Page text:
Curbing global warming will cost at least $6 trillion

To keep the average temperature on Earth at no more than 1.5°C by 2050, an investment of at least $6 trillion is required. This is stated in a new research report from consultancy firm Arcadis.

In 2015, a climate conference was organized by the United Nations (UN) in Paris. In it, various goals were formulated to slow climate change. One of the most important of these concerns is to reduce global warming by 1.5 degrees Celsius.

All over the world, researchers from Arcadis say in a new report that this requires a lot of money. Combined over the next few decades, up to $6 trillion (or $6000 billion), which is about 7% of global GDP for 2020.

For their study, Arcadis researchers analyzed data on the economics and energy systems of ten countries. Besides the Netherlands, there are four very large pollutants (China, the United States, India and Brazil), four European countries (Belgium, France, Germany and the United Kingdom) and Australia.

If these 10 countries want to limit the increase in average temperature on Earth, they must cut carbon dioxide emissions by at least half by 2030, according to the consulting firm’s researchers. So it is not an easy task.

At the same time, the ten countries also have to invest heavily in the electricity grid and power plants that generate electricity. If this does not happen, the various economic sectors will not be able to become more sustainable in time.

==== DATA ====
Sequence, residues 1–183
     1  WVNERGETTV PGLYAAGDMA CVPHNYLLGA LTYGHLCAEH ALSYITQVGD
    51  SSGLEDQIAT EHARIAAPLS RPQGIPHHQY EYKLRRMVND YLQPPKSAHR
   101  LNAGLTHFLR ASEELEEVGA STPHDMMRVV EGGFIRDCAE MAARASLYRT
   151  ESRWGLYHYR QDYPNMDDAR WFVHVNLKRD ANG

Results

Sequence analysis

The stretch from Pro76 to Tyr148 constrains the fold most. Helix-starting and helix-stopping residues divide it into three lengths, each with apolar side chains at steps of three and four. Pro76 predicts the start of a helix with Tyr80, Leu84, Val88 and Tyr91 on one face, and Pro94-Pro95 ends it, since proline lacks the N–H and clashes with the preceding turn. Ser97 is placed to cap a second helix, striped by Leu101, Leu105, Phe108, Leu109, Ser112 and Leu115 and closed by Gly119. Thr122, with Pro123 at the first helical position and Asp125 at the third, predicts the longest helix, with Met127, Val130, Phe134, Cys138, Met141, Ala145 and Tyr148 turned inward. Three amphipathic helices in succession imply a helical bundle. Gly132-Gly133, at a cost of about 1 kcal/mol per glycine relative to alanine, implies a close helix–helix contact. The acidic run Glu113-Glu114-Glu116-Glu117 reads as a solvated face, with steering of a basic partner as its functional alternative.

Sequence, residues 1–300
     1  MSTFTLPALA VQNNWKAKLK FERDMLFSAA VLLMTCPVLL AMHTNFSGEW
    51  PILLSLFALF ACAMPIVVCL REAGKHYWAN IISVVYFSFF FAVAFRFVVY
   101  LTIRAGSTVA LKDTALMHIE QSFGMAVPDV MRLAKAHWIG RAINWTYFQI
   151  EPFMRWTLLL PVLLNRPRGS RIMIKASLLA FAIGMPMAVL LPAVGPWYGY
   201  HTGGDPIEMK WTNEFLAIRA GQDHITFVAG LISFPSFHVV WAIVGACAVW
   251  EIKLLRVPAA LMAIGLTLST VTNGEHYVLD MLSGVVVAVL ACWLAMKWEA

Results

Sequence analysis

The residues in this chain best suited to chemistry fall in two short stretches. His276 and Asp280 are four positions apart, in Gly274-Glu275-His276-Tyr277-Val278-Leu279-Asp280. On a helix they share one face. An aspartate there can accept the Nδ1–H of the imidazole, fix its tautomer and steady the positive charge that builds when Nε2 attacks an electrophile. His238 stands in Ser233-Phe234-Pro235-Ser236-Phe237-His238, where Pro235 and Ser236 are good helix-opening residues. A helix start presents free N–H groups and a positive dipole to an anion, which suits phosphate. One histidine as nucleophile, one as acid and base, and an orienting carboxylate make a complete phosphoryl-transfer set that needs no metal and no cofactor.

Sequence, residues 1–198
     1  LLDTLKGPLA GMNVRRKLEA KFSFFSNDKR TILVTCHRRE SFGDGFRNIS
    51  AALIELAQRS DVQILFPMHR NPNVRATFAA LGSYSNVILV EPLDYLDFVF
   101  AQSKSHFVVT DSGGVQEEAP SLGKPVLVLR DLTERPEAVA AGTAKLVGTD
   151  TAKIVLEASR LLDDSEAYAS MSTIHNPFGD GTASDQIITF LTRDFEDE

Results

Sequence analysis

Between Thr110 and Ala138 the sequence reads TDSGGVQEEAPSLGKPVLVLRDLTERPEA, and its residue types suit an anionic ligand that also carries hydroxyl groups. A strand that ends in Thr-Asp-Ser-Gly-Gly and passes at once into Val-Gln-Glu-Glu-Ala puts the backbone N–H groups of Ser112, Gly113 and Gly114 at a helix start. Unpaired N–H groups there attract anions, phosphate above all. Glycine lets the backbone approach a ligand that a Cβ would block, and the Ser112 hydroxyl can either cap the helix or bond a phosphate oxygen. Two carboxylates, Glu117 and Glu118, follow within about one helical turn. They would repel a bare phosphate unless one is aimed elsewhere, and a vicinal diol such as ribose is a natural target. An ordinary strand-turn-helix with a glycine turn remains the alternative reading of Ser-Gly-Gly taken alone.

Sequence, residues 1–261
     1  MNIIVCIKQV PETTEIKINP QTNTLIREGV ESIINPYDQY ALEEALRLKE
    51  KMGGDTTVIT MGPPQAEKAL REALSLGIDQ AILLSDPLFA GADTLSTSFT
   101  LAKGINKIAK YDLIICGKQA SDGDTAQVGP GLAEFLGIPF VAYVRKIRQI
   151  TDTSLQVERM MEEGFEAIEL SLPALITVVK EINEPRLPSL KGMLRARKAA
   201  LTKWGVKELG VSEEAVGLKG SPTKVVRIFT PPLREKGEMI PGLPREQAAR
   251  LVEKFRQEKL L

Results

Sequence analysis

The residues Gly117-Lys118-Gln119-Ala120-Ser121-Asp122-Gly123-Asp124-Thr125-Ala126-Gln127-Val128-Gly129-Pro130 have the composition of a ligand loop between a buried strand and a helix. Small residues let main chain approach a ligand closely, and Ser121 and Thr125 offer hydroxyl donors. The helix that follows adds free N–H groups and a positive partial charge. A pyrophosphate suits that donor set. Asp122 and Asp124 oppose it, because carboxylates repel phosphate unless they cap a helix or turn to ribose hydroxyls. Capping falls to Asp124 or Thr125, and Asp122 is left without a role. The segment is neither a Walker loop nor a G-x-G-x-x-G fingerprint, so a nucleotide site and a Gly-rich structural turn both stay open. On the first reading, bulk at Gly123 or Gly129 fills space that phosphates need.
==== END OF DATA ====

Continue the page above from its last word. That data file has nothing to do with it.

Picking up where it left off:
The volume of sustainability investments in 2030 by country

“Establishing a large carbon-neutral power generation sector is essential because it will enable the rest of the economy to decarbonise,” asserts Alexis Olans Haass, Arcadis’ Head of Sustainability.

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Do we have 6000 billion dollars?

Calculated investments will certainly contribute to reducing global warming, but according to Arcadis, it is doubtful whether this will achieve the most important goal in Paris.

In their report, the consultancy researchers cite a study by the Intergovernmental Panel on Climate Change (IPCC) – the United Nations Climate Working Group. It states that it will be very difficult to leave the earth warm by no more than 1.5 ° C. In the IPCC’s best-case scenario, it is “only” possible to limit the increase to 2°C until 2100.

Megan Vasquez

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